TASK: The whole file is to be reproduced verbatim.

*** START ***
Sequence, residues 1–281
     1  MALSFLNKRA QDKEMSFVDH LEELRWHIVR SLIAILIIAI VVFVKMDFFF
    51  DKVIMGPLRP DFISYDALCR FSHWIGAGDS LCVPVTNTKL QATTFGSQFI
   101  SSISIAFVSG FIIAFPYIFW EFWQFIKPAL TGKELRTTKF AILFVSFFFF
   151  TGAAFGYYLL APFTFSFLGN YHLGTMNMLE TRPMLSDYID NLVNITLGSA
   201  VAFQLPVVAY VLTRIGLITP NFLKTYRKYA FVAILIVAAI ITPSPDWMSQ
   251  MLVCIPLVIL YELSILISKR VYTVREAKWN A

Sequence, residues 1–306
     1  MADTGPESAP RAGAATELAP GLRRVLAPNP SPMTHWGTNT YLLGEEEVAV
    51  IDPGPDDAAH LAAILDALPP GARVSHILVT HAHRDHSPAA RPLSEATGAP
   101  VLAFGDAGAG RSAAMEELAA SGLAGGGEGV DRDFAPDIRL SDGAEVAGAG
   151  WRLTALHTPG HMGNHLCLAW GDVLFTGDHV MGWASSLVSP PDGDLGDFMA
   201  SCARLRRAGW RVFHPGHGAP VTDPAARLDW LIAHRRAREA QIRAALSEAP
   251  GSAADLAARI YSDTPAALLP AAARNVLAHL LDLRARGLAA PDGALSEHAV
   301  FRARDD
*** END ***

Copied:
Sequence, residues 1–281
     1  MALSFLNKRA QDKEMSFVDH LEELRWHIVR SLIAILIIAI VVFVKMDFFF
    51  DKVIMGPLRP DFISYDALCR FSHWIGAGDS LCVPVTNTKL QATTFGSQFI
   101  SSISIAFVSG FIIAFPYIFW EFWQFIKPAL TGKELRTTKF AILFVSFFFF
   151  TGAAFGYYLL APFTFSFLGN YHLGTMNMLE TRPMLSDYID NLVNITLGSA
   201  VAFQLPVVAY VLTRIGLITP NFLKTYRKYA FVAILIVAAI ITPSPDWMSQ
   251  MLVCIPLVIL YELSILISKR VYTVREAKWN A

Sequence, residues 1–306
     1  MADTGPESAP RAGAATELAP GLRRVLAPNP SPMTHWGTNT YLLGEEEVAV
    51  IDPGPDDAAH LAAILDALPP GARVSHILVT HAHRDHSPAA RPLSEATGAP
   101  VLAFGDAGAG RSAAMEELAA SGLAGGGEGV DRDFAPDIRL SDGAEVAGAG
   151  WRLTALHTPG HMGNHLCLAW GDVLFTGDHV MGWASSLVSP PDGDLGDFMA
   201  SCARLRRAGW RVFHPGHGAP VTDPAARLDW LIAHRRAREA QIRAALSEAP
   251  GSAADLAARI YSDTPAALLP AAARNVLAHL LDLRARGLAA PDGALSEHAV
   301  FRARDD